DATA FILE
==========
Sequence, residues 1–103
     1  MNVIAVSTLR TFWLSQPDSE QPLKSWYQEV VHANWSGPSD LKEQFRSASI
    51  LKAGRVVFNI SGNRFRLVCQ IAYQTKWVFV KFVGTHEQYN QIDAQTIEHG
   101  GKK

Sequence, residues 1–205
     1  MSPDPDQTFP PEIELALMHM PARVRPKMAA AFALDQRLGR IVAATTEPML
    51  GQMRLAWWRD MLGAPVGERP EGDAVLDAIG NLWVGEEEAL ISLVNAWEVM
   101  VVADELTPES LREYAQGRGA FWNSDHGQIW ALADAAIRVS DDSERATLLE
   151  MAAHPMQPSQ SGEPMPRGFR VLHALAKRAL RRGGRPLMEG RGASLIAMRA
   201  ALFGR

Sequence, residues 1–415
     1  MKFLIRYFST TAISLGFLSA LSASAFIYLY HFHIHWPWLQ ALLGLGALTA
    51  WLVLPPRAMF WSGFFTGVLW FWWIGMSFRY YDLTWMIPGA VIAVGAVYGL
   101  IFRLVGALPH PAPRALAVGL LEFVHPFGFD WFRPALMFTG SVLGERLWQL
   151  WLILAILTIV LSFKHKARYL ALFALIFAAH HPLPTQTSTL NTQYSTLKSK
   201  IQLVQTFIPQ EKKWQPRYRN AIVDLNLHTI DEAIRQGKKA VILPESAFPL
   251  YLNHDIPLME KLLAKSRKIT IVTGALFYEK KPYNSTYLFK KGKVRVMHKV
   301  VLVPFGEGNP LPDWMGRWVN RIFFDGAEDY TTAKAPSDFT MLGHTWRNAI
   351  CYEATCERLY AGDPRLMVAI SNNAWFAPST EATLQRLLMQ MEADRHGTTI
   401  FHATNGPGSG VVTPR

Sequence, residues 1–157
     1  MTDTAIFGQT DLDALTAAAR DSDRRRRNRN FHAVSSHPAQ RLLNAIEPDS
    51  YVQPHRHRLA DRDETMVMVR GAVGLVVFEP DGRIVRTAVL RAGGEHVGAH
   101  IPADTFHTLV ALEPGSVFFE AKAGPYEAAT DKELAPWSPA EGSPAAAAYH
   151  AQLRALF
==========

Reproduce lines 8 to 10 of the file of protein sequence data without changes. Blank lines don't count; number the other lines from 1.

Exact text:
   101  VVADELTPES LREYAQGRGA FWNSDHGQIW ALADAAIRVS DDSERATLLE
   151  MAAHPMQPSQ SGEPMPRGFR VLHALAKRAL RRGGRPLMEG RGASLIAMRA
   201  ALFGR